OT:Computer Prob-Tapping the Knowledge base

Upgrading a business low demand computer from AT MMX board. Swapped the HD (2.1g UDMA33/66 Win 95) to Socket 370 Via 600 ATX setup. Bios won't
boot the OS. The HD is detected and configured, but POST stops after successfully detecting MBR. The HD works and boots fine in the old computer. Another HD (ATA133 Win ME)boots fine on the 370 board. I have tried manually configuring the HD several ways in Bios and tried loading different default settings. Also tried HD jumpers and different IDE ports, with/without secondary drives connected. Ideas? JR Dweller in the cellar
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The old drive may not boot with the newer bios of the new board. Some older drives have issues with this :/ I have a couple of old <1.5 gb drives that will not boot on recent MB hardware. The other issue is that if you have not wiped the hdd and started over with the OS, the OS will not have any drivers, or anything else for the new board. This could pose a significant problem. In all instances I have found that if a new mb is installed, that is not an *exact* original replacement, the OS will not boot due to mb driver issues.
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Anthony

You can't 'idiot proof' anything....every time you try, they just make
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Thanks, Anthony Of course! Can't believe I missed that. The BIOS is 2000, and the OS is '95. Of course it won't have drivers that work. Also explains why Win ME (2000) does. I can boot to floppy w/cd support. I have the MB driver CD. I can read/write to the HD from DOS. Do I put the CD Win 95 drivers in the HD windows/system? If not, where? Do I need to remove other drivers? JR Dweller in the cellar Anthony wrote:

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Honestly, the best course of action is to copy off any files you really need from that drive to another medium, format the drive, and do a clean install with the new drivers, if you really want to keep M$95 on that machine. Even if you copy the files over to the appropriate places on the HD, the OS doesn't know they are there, since there are no registry entries to tell it they are. Since you can't boot the OS, you may not be able to use RegEdit to try to find/change all the registry entries. Unfortunately, it's about a catch 22 situation.
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Anthony

You can't 'idiot proof' anything....every time you try, they just make
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wrote:

Simply boot the machine to the original install floppy and run the repair install from the CD. You will not loose any data, settings, or programs this way, and the install will ask you for the required drivers (which will be on the MB install CD) I suspect the video is on-board on the new MB - if not you will need the video driver disk as well. The beaty of the Intel/Microsoft consortium is virtually EVERYTHING is downward compatible.
Been doing this for a living(such as it is) for the last almost 20 years - since before Windows V1.
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I do a boatload of computer work and have had little success plugging in a loaded HD to a new MB. XPP seems to be the most forgiving ME the worst. Which OS is on the drive? Anything important on the HD? Burn it to CD from the old machine. Start over with a fresh format, re-install your apps and read-in your data from the CD, it'll run so much better anyway. If you can, go to XPP and do all the updates and SPs, it's truly a masterpiece!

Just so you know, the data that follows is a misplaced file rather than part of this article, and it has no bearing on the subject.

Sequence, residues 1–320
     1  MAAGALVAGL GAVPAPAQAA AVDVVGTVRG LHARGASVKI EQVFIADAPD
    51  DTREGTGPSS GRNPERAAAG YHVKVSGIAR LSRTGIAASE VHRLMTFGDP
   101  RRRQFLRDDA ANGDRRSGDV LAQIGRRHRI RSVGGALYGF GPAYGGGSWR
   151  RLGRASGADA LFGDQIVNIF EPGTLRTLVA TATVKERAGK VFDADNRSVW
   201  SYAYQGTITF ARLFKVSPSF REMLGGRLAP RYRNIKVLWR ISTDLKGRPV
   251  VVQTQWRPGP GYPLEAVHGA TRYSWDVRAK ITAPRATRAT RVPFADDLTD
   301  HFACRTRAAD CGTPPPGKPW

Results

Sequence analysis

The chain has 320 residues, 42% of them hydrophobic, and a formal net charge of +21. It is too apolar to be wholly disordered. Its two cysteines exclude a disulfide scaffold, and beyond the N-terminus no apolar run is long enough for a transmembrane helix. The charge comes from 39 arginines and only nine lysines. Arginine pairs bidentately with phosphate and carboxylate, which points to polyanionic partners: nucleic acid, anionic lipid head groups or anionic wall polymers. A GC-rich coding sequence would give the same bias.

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The impetus to do it my way is the HD has several proprietary programs which will not work if copied. The registration and unlock scheme was a total PIA to go thru when they were loaded. I stated the HD OS in my post JR Dweller in the cellar
Tom Gardner wrote:

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JR North wrote:

If possible, install the drive in the machine it came from, start it up, go to control panel, system, device manager, then remove all the hardware devices you can, NOT the keyboard & mouse, they don't matter and you need them. This will minimize hardware conflicts when you put the drive in the new box. This has worked for me about half the time, otherwise, I have to start over.
Good luck!
David
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Buy a new HD and use the old drive as a second drive (D) you will still be able to use your data. gary

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Extremely good advice.
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Anthony

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wrote:

But NOT the proprietary installed programs. None of the DLLs will be in the required/expected spots. Doing a "repair install" from a clean boot is the right way to do it. Reformatting or erasing files is not required or advised.

Boot to the system install floppy and be sure you can read the hard drive. If you can read the directory, the HDD is properly set up in the BIOS and you are all set to go with the repair install.

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Can you upgrade the old box to XP? If so it will work. Otherwise, strip off all drivers in control panel/system so it uses generic. Sometimes you can boot from a floppy and reinstall '95 or '98SE and "overlay" the '95 and everything will work just fine. Install the new hardware drivers and go. You'll get it before you pull ALL your hair out.

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Does it ever get to the point that you can boot in safe mode? Stan
JR North wrote:

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